Recent introduction of a chytrid fungus endangers Western Palearctic salamanders

A Martel (Corresponding Author), M Blooi, C Adriaensen, P Van Rooij, W Beukema, M C Fisher, R A Farrer, B R Schmidt, U Tobler, K Goka, K R Lips, C Muletz, K R Zamudio, J Bosch, S Lötters, E Wombwell, T W J Garner, A A Cunningham, A Spitzen-van der Sluijs, S SalvidioR Ducatelle, K Nishikawa, T T Nguyen, J E Kolby, I Van Bocxlaer, F Bossuyt, F Pasmans

Research output: Contribution to journalArticlepeer-review

394 Citations (Scopus)


Emerging infectious diseases are reducing biodiversity on a global scale. Recently, the emergence of the chytrid fungus Batrachochytrium salamandrivorans resulted in rapid declines in populations of European fire salamanders. Here, we screened more than 5000 amphibians from across four continents and combined experimental assessment of pathogenicity with phylogenetic methods to estimate the threat that this infection poses to amphibian diversity. Results show that B. salamandrivorans is restricted to, but highly pathogenic for, salamanders and newts (Urodela). The pathogen likely originated and remained in coexistence with a clade of salamander hosts for millions of years in Asia. As a result of globalization and lack of biosecurity, it has recently been introduced into naïve European amphibian populations, where it is currently causing biodiversity loss.

Original languageEnglish
Pages (from-to)630-631
Number of pages2
Issue number6209
Publication statusPublished - 31 Oct 2014

Bibliographical note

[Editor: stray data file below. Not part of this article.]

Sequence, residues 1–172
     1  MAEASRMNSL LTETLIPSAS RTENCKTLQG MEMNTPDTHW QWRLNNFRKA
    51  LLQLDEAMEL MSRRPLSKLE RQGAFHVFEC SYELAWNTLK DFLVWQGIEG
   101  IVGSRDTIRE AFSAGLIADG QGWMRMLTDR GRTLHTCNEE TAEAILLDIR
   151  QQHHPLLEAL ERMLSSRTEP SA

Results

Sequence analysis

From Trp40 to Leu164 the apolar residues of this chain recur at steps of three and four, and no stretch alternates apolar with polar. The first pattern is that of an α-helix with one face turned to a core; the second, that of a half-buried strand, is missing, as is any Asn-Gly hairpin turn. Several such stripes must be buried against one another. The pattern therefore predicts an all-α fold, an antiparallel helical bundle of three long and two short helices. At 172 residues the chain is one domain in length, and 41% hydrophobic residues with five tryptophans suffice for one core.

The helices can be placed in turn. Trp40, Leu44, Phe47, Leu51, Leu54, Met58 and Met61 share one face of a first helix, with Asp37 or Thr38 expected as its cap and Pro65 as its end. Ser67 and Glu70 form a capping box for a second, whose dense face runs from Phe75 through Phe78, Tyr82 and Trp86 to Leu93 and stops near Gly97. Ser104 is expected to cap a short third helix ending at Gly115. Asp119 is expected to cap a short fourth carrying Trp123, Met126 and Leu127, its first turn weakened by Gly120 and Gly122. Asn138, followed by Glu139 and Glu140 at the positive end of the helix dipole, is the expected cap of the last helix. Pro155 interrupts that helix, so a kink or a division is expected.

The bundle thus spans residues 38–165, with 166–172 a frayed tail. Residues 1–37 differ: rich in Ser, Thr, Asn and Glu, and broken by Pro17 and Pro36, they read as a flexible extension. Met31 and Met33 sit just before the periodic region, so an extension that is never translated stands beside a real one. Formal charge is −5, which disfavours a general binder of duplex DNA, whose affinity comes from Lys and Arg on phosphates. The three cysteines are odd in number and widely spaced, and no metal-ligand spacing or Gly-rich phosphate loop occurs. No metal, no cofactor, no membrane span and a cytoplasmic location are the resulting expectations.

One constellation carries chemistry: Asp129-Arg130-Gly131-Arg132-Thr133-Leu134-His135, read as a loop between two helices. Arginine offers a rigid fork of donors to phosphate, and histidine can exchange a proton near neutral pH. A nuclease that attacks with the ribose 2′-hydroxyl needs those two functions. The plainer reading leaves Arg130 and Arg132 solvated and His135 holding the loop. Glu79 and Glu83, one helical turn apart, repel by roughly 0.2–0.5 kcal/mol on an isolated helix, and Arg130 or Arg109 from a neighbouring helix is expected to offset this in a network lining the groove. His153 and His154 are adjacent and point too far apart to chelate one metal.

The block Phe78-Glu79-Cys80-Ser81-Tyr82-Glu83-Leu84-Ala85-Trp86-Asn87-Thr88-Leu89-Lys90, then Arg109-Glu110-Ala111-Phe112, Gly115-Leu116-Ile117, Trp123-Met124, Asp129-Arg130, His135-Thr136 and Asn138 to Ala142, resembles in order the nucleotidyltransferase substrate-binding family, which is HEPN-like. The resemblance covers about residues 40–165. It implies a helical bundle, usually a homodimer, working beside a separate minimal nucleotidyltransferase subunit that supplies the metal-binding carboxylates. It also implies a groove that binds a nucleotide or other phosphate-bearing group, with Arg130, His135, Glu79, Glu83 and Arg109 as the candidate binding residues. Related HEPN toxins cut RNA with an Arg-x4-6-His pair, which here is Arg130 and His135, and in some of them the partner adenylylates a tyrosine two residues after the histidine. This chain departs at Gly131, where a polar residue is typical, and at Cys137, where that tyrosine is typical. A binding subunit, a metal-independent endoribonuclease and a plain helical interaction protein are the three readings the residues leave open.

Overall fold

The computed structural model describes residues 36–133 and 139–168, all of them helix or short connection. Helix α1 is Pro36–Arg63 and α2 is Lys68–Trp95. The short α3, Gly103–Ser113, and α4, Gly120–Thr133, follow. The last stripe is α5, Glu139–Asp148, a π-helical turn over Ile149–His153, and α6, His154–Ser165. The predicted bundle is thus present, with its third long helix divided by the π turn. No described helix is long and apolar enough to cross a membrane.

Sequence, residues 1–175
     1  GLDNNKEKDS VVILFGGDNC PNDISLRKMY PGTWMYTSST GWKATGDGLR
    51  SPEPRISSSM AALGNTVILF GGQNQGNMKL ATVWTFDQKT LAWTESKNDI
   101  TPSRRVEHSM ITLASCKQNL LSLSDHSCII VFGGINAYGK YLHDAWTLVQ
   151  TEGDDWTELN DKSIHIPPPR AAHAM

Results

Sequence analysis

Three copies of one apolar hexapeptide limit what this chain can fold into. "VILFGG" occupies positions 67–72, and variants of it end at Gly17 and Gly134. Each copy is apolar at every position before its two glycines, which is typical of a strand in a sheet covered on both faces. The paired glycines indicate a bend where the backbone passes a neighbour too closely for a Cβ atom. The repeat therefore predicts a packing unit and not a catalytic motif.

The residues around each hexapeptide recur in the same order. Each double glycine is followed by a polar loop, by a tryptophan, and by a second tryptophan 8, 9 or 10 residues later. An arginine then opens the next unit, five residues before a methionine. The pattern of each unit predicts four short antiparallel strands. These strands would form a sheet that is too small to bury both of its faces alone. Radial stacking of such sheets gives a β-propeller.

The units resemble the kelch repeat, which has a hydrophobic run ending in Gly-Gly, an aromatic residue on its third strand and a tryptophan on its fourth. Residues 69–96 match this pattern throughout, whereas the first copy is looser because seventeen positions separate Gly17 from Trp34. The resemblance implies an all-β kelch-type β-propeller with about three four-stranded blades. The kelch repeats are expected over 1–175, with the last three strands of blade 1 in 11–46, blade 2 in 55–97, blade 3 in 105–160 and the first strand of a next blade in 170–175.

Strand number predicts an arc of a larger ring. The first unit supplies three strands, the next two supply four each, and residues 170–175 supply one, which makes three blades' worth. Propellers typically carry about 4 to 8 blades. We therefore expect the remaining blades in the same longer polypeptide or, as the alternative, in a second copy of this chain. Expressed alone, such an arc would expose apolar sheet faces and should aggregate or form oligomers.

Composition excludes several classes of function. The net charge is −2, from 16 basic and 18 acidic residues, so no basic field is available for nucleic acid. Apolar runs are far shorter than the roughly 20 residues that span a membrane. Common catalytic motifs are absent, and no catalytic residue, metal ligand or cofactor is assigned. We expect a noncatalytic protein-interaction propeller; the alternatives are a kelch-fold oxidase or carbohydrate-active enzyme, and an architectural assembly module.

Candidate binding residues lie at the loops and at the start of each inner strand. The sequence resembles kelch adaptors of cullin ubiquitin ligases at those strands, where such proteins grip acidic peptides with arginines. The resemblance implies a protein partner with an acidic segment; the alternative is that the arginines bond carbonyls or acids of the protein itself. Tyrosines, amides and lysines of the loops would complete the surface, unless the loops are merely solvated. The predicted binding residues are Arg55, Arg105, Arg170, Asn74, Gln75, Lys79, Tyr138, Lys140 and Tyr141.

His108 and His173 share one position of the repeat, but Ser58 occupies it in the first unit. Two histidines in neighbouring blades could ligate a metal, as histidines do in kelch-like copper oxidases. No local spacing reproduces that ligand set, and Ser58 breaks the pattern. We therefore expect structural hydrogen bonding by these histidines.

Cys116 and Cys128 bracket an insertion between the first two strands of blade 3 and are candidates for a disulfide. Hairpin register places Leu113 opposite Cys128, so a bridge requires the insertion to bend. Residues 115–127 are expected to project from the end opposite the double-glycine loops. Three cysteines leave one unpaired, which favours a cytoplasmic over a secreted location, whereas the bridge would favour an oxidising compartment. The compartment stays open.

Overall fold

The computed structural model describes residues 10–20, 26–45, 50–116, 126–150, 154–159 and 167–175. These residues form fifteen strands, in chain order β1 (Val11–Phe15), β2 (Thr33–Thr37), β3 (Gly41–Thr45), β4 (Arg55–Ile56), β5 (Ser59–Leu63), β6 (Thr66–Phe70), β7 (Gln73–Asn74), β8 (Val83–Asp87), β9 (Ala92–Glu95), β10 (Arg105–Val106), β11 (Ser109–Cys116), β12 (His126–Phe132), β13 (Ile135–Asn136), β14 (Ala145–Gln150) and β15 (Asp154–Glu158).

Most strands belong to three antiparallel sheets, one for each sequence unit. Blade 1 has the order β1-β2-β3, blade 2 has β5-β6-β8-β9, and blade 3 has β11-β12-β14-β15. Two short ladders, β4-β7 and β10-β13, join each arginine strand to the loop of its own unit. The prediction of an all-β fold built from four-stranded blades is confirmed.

We thank M. Schenkel and J. Beukema for providing samples and the National Museum of Natural History–Naturalis, Leiden, Netherlands, for providing museum specimens. We thank the many amphibian breeders (including S. Bogaerts, M. Sparreboom, H. Janssen, F. Maillet, A. Jamin, and S. Voitel) who provided offspring to conduct the infection experiments. Financial support was partly provided by the Dutch Ministry of Economic Affairs and by the UK Department for Environment, Food and Rural Affairs, project grant FC1195. M.B. is funded by a Dehousse grant from the Royal Zoological Society of Antwerp. P.V.R. is funded by Ghent University Special Research Fund (BOF13/PDO/130). F.P. and T.W.J.G. are funded by the Morris Animal Foundation (D12z0-002). M.C.F. and T.W.J.G. are funded by the UK Natural Environment Research Council (NERC). R.A.F. is supported by the Wellcome Trust. U.T. and B.R.S. are funded by the Vontobel Stiftung, Janggen-Pöhn Stiftung, Basler Stiftung für biologische Forschung, Stiftung Dr. Joachim De Giacomi, Zoo Zürich, Grün Stadt Zürich, European Union of Aquarium Curators, and Zürcher Tierschutz. J.B. is funded by Fundación General CSIC and Banco Santander. E.W. is funded by Economic and Social Research Council (ESRC)-NERC Interdisciplinary Ph.D. studentship. A.A.C. is supported by a Royal Society Wolfson research merit award. K.N. is funded by grants from the Ministry of Education, Science and Culture, Japan (nos. 20770066 and 23770084) and Japan Society for the Promotion of Science (JSPS) AA Core-to-Core program Type B. Asia-Africa Science Platforms. T.T.N. is funded by the JSPS RONPAKU program. F.B. is supported by European Research Council Starting Grant 204509 [project Tracing Antimicrobial Peptides and Pheromones in the Amphibian Skin (TAPAS)]. I.V.B is supported by a postdoctoral Fellowship from the Fonds voor Wetenschappelijk Onderzoek Vlaanderen (FWO). All data described in the paper are presented in the supplementary materials.


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